Saab 9-3 Convertible BioPower
SEAT León Cupra
Smart Fortwo EV
Toyota RAV4 (United Kingdom Introduction)
Toyota Yaris (United Kingdom Introduction)
Vauxhall Corsa 3 door and 5 door (World Introduction)
Volvo S60
Volvo S80 (United Kingdom Introduction)
Volvo XC90 (United Kingdom Introduction)

2008 The 2008 British International Motor Show was held at the ExCeL Exhibition Centre in the Docklands from 23 July – 3 August, and was the last regular British International Motor Show.

The SMMT promoted an all new showcase of the latest electric vehicle models. "The Electric Vehicle Village" brought together one of the largest collections of zero emissions vehicles ever seen in the United Kingdom, with a display of more than twenty battery powered vehicles.[37]

The motor show displayed a number of high priced, high performance electric cars, such as the Lightning GT and Tesla Roadster (2008).

Alfa Romeo Mito (World/United Kingdom Introduction)

Ford Focus RS
Lotus Evora
Mastretta MXT[38] (first Mexican sports car)
Nissan Qashqai+2
Ford Fiesta ECOnetic
Vauxhall Insignia
SsangYong Rexton R-Line
Tesla Roadster

Concept cars:
Cadillac CTS Coupe
Chevrolet Camaro Convertible
Citroen C-Cactus
Honda OSM
Kia Excee'd Convertible
Kia Kee
Land Rover LRX
Lexus LFA
Lotus Elise Eco
Saab 9-X Biohybrid BioHybrid
Smart fortwo ed

The 2006 British International Motor Show featured concerts by:

See also[edit]

References and notes[edit]

  • SMMT history including that of the motor show
  • "British International Motor Show". Pietro Frua. – Source of show locations and dates
  1. ^ The Times, Tuesday, 14 November 1905; pg. 7; Issue 37864
  2. ^ Horseless Carriages. The Times, Monday, 17 February 1896; pg. 7; Issue 34815
  3. ^ Jorn Madslien (24 May 2004). "Struggling motorshow in spring debut". BBC News.
  4. ^ "The Motor Show is now in London and it's more fun than ever, says Sean O'Grady". The Independent. 18 July 2008.
  5. ^ Julian Rendell (27 January 2009). "British motor show in crisis". Autocar.
  6. ^ Tim Pollard (14 October 2010). "British motor show axed for good?". Car.
  7. ^ Display advertisement, page 5, Gloucestershire Echo, 24 September 1949
  8. ^ Display advertisement: Motor Show. The Times, Tuesday, 3 October 1950; pg. 4; Issue 51812
  9. ^ The Triumph Roadster. The Times, Saturday, 14 October 1950; pg. 3; Issue 51822
  10. ^ New Models At Motor Show. The Times, Wednesday, 18 October 1950; pg. 6; Issue 51825
  11. ^ New Austin Seven. The Times, Monday, 8 October 1951; pg. 4; Issue 52126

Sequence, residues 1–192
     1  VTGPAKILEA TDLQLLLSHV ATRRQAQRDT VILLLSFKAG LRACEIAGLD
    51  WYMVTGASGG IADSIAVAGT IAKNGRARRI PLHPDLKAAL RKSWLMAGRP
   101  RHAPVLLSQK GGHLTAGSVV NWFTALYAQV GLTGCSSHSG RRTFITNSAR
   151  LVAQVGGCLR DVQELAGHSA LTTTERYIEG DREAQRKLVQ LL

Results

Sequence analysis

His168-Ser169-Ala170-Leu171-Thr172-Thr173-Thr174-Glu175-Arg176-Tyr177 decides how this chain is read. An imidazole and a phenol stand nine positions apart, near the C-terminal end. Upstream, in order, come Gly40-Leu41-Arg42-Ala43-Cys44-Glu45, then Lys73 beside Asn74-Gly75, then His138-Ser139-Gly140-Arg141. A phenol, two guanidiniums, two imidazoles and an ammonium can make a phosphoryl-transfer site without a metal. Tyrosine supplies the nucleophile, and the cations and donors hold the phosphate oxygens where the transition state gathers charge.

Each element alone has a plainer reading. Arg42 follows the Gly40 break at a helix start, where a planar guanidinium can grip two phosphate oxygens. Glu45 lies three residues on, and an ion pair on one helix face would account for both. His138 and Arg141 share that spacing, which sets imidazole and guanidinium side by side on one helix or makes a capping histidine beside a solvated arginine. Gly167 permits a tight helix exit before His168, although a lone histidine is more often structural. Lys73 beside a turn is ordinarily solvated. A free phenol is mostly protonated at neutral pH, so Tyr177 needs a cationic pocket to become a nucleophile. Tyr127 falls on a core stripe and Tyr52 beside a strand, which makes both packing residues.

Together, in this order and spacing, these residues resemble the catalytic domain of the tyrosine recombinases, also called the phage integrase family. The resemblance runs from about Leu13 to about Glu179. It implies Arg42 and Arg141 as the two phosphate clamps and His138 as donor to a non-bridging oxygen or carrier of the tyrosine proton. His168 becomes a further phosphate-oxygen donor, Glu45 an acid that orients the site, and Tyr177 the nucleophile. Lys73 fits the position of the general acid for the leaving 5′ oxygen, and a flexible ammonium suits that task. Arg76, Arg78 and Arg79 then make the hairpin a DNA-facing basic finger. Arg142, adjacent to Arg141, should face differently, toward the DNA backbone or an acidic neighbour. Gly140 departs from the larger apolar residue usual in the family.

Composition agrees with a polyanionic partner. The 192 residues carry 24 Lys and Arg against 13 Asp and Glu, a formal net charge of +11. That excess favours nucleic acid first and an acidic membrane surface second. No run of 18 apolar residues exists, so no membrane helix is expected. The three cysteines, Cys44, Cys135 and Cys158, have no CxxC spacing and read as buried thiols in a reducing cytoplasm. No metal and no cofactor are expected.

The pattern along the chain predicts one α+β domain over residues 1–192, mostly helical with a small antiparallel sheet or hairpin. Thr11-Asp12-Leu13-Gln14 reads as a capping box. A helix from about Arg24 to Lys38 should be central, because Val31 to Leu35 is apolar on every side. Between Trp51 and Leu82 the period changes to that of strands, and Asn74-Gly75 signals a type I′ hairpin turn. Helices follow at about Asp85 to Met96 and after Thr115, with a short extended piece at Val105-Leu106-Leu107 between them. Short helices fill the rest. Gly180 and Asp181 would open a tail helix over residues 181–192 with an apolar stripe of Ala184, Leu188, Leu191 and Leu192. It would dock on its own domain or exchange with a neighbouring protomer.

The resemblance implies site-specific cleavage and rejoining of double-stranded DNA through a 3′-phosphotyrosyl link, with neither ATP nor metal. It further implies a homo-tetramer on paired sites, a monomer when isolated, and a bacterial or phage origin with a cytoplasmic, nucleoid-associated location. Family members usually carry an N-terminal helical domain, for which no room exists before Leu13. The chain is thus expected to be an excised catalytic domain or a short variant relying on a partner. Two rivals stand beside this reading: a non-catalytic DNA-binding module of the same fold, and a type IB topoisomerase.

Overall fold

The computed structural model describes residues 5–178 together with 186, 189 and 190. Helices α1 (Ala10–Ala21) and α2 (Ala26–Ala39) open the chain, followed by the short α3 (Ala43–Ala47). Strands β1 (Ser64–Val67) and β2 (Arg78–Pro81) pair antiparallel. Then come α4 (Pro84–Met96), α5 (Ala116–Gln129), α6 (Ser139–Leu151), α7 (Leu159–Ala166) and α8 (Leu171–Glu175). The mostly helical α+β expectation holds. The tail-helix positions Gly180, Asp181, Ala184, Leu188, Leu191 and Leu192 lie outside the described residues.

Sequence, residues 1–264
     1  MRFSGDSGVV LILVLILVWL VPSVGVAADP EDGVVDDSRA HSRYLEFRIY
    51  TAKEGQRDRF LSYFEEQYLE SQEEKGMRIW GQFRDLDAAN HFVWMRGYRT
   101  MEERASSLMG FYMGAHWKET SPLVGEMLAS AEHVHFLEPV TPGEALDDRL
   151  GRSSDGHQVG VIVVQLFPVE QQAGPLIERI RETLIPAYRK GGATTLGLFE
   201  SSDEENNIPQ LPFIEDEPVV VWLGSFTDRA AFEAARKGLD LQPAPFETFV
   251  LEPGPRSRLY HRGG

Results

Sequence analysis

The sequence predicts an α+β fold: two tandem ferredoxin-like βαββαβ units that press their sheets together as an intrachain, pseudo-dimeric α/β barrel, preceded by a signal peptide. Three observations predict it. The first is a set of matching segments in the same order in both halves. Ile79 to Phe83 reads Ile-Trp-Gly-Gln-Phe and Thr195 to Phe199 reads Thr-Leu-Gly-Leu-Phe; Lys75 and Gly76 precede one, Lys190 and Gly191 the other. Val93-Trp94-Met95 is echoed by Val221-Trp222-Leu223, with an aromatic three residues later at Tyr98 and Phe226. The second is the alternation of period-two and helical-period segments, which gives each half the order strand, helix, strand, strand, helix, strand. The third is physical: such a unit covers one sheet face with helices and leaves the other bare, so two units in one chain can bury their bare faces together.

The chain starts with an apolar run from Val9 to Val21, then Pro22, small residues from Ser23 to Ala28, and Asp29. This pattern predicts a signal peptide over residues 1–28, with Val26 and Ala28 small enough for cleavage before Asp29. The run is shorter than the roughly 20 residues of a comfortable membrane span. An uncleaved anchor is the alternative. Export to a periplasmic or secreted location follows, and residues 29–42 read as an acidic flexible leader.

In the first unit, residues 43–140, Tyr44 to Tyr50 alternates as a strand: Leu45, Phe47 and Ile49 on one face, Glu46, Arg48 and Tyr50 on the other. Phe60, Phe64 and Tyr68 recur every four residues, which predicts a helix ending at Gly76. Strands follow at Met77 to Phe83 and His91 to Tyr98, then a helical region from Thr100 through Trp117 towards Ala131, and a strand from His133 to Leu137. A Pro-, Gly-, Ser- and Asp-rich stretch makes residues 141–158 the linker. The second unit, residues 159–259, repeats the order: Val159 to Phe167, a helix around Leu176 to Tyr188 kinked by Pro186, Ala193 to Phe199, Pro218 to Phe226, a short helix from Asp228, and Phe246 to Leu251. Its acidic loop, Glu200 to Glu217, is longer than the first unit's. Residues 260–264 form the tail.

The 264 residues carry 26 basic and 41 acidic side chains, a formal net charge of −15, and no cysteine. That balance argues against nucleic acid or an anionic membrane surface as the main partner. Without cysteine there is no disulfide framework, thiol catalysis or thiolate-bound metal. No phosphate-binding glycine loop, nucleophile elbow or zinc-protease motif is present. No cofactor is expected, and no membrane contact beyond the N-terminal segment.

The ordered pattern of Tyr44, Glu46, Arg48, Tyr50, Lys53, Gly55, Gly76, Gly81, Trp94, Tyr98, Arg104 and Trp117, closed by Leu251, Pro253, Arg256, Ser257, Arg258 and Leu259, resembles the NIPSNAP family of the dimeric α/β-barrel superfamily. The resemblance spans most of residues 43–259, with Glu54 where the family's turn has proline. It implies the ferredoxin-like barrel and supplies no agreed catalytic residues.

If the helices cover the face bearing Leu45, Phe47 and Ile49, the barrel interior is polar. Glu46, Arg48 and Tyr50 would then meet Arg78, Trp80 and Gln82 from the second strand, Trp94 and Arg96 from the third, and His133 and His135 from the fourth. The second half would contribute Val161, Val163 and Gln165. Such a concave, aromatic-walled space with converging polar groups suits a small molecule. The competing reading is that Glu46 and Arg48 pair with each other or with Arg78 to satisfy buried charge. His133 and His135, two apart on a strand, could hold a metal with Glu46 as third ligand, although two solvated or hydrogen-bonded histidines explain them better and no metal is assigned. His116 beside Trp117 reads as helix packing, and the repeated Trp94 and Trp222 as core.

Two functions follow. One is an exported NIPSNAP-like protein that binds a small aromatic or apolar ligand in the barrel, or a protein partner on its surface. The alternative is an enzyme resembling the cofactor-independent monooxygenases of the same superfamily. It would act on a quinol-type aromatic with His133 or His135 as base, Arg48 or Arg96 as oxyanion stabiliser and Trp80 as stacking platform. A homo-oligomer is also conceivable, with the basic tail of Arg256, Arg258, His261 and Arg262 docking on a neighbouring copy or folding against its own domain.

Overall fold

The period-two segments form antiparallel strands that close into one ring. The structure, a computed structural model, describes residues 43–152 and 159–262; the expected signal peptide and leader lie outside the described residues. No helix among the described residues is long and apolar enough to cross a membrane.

12. ^
  13. ^ a b "Cars Of Today" by Stuart Marshall. The Times, Tuesday, 19 October 1965 (issue 56456), p.4.
  14. ^ a b c d "Visitors' Guide: Hours and Charges; Opening Day; How to Get There (i.e. concerning the London Motor Show)". Autocar. Vol. 127 (nbr 3739). 12 October 1967. p. 59.
  15. ^ a b Basil Cardew (Ed.). Daily Express Review of the 1966 Motor Show. Beaverbrook Newspapers Ltd, London.CS1 maint: extra text: authors list (link)
  16. ^ Keith Anderson. Jensen. Haynes Publishing Group. ISBN 0-85429-682-4.
  17. ^ "The cars : Mini development history". AR Online. 5 August 2011. Retrieved 22 August 2014.
  18. ^ "About the FD Victor, Ventora and VX4/90". Vauxhall VX4/90 Drivers' Club. Retrieved 30 November 2013.
  19. ^ a b c "Earls Court '68: Hours and Charges". Autocar. Vol. 129 (nbr 3791). 10 October 1968. p. 52.
  20. ^ Braunschweig, Robert; et al., eds. (12 March 1970). "Automobil Revue '70" (in German and French). 65. Berne, Switzerland: Hallwag AG: 370. Cite journal requires |journal= (help)
  21. ^ a b c d e f g h i j The Times, Thursday, 12 October 1972; pg. 29; Issue 58603.
  22. ^ Autocar Motor Show Supplement 19 October 1974
  23. ^ Car Magazine 19 March 2009
  24. ^ "Archived copy". Archived from the original on 25 September 2015. Retrieved 25 August 2017.CS1 maint: archived copy as title (link)
  25. ^ 1982 in motoring#United Kingdom
  26. ^ [1]
  27. ^ "Près de 700.000 visiteurs à Birmingham" [Nearly 700,000 visitors to Birmingham]. Transporama (in French). Edegem, Belgium. 4 (31): 11. December–January 1984/1985. Check date values in: |date= (help)
  28. ^ "Story of the Montego". Maestro & Montego Owners Club.
  29. ^ Mastrostefano, Raffaele, ed. (1985). Quattroruote: Tutte le Auto del Mondo 1985 (in Italian). Milano: Editoriale Domus S.p.A. p. 264. ISBN 88-7212-012-8.
  30. ^ Liszewski, Nicolas. "Alpine V6 Turbo Mille Miles". Le site des amateurs et passionnés des Alpine Renault GTA (in French). Retrieved 8 September 2014.
  31. ^ Büschi, Hans-Ulrich, ed. (9 March 1989). Automobil Revue 1989 (in German and French). 84. Berne, Switzerland: Hallwag AG. p. 400. ISBN 3-444-00482-6.
  32. ^ Automobil Revue 1989, p. 401
  33. ^ Automobil Revue 1989, p. 168
  34. ^ The Guardian 12 November 2000
  35. ^ What Car? 22 October 2002 Archived 18 July 2011 at the Wayback Machine
  36. ^ "Peugeot At The Sunday Times Motor Show Live 2004". 12 May 2004. Retrieved 4 August 2016.
  37. ^ British Motor Show "Plugs In" To Demand For Electric Vehicles Archived 7 July 2011 at the Wayback Machine
  38. ^ Automóvil Panamericano, No. 163 (15 July 2008), p.20

External links[edit]